(Kitco News) - One fund manager is recommending that investors forget about focusing on the minutiae details of a potential rate hike and instead should look at the overall picture, which highlights a growing environment of real negative interest rates.
In an interview with Kitco News, Axel Merk, president & CIO of Merk Investments, said that even if the Federal Reserve does hike rates later in the year, they will still be behind the inflation curve, which should continue to attract gold buyers. Gold prices have hit a three-week high Tuesday as sentiment for the yellow metal continues to improve. December gold futures last traded at $1.373.10 an ounce, up $13.50 an ounce.
Merk’s comments come after the Federal Reserve left the door open for a potential interest rate hike later in the year by noting “Near-term risks to the economic outlook have diminished," in its latest statement.. However, gold has managed to hit three-week highs because there was no explicit comment on a potential rate hike.
“You can argue both ways on the economy and whether or not the Federal Reserve will raise interest rates,” he said. “But what matters for the price of gold, ultimately, is: will we see positive interest rates? I don’t even see how a hawkish Fed can achieve that.”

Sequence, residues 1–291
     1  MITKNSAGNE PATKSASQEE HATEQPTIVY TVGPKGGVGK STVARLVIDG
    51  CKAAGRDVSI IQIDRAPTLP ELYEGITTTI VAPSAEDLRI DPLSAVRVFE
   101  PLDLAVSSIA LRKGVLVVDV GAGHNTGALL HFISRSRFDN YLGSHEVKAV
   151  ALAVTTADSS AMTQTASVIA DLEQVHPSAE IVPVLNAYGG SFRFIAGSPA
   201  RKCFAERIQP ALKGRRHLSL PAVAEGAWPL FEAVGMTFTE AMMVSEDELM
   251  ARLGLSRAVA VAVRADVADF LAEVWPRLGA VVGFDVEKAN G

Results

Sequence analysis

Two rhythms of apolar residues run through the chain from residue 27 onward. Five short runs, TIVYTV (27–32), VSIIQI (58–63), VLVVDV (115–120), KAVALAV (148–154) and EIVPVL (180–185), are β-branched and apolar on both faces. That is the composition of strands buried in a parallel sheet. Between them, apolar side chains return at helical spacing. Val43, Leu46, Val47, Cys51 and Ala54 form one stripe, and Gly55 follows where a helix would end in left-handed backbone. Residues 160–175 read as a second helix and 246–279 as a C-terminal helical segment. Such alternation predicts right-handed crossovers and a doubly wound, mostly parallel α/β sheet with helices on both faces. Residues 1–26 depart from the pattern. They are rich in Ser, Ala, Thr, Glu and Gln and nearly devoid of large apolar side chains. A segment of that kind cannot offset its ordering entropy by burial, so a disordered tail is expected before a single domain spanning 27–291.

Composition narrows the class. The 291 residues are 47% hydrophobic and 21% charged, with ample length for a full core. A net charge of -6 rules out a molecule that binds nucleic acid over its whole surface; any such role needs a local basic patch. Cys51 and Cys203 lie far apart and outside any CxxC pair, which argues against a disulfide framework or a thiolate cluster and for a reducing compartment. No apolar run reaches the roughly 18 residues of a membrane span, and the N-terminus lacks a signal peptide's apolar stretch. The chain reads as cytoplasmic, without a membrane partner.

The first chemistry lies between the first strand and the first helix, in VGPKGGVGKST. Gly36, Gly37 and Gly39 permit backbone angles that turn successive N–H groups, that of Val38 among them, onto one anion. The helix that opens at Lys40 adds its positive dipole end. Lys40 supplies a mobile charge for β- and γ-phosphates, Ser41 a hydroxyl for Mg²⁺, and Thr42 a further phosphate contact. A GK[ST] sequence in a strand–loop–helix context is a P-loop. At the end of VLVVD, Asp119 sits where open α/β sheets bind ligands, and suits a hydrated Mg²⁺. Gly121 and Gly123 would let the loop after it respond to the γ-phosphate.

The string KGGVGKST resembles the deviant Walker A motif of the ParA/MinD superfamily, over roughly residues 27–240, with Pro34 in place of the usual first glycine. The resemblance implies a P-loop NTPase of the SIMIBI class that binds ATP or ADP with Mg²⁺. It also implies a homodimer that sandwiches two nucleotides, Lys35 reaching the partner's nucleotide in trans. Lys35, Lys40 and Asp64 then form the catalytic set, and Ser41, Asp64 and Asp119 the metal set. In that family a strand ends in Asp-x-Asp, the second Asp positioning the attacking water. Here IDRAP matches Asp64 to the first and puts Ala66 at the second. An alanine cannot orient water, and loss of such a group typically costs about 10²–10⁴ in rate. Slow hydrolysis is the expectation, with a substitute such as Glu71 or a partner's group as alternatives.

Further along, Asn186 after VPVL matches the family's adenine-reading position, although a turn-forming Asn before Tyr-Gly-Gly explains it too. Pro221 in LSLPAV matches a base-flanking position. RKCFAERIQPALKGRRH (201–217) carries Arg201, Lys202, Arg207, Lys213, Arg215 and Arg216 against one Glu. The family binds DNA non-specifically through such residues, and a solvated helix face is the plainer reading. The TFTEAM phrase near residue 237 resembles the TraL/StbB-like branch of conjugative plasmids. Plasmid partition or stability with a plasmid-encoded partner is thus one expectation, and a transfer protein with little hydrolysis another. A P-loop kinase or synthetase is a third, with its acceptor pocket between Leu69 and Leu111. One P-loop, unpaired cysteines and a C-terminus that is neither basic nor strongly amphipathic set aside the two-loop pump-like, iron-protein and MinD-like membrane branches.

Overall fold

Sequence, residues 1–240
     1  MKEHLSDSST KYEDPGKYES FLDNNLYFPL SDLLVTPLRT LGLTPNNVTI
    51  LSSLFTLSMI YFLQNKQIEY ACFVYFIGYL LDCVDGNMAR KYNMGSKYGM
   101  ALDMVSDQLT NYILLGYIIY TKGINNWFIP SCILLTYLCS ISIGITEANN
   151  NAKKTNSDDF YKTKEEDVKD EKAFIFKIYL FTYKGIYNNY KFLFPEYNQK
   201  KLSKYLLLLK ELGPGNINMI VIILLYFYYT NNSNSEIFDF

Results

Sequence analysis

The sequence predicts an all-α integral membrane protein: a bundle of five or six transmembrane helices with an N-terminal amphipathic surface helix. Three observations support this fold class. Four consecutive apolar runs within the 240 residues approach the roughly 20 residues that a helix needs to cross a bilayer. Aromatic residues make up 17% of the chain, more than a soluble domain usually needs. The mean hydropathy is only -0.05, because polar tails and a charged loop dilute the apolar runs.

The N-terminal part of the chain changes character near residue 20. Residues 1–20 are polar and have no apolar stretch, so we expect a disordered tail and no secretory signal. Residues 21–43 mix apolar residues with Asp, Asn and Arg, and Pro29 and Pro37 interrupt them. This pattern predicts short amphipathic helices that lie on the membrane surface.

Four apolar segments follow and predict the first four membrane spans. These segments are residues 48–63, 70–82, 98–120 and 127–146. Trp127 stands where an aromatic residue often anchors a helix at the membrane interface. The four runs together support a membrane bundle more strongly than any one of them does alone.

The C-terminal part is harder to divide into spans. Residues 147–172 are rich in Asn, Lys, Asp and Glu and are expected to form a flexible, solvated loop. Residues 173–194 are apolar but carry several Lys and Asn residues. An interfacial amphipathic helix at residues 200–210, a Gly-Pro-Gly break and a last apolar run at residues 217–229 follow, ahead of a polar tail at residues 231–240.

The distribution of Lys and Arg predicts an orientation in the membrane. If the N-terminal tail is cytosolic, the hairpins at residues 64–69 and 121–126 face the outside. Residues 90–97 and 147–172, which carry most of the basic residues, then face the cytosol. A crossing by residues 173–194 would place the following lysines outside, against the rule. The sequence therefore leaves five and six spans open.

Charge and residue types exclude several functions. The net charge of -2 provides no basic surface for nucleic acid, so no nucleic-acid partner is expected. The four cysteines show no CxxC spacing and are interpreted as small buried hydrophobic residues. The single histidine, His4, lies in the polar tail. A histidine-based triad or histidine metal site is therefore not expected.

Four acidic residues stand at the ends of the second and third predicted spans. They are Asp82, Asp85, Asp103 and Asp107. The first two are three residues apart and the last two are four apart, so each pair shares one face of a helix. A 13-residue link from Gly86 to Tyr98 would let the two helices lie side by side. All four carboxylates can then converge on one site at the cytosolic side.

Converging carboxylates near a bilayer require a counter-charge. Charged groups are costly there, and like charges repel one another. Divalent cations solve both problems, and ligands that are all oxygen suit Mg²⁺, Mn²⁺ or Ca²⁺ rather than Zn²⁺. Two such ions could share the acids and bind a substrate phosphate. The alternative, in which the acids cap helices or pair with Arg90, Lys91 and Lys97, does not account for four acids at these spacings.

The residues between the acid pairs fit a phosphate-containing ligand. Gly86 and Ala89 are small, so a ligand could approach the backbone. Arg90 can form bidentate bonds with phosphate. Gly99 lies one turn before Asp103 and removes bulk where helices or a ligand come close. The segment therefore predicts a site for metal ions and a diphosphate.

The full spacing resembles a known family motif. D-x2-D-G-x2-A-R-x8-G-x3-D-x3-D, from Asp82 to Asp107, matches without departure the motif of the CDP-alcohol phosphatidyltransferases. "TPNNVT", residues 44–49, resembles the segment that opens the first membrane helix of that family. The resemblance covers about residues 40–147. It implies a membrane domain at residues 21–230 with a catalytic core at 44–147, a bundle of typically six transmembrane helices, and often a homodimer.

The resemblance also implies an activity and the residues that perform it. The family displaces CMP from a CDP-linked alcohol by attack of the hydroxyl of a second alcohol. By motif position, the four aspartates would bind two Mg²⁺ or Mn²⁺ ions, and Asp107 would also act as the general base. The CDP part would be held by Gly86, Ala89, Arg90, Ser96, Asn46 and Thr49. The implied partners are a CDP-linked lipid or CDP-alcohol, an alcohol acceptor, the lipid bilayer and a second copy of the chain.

As to what’s in store for gold, Merk said that the market will continue to see periods of weakness and higher volatility; however, he added that global negative interest rates has helped to broaden the gold market as investors search for safe-haven assets that have low correlation to other assets.
Merk also said he sees further potential for the yellow metal as U.S. growth continues to weaken, dragging down the U.S. dollar.
“We are closer to the top in the U.S. interest rate cycle. It is one of the reason why I am negative on the U.S. dollar… I don’t think the Fed can do much more and the U.S. economy is going to lose steam.”
Merk added that he also expects the U.S. presidential election to create an opportunity for higher gold prices later this year. He added that both candidates create risk for an already fragile U.S. economy.
“If we elect Hillary Clinton, we are going to have increased regulations that will hurt growth. If we elect Trump, we are going to have a trade war,” he said.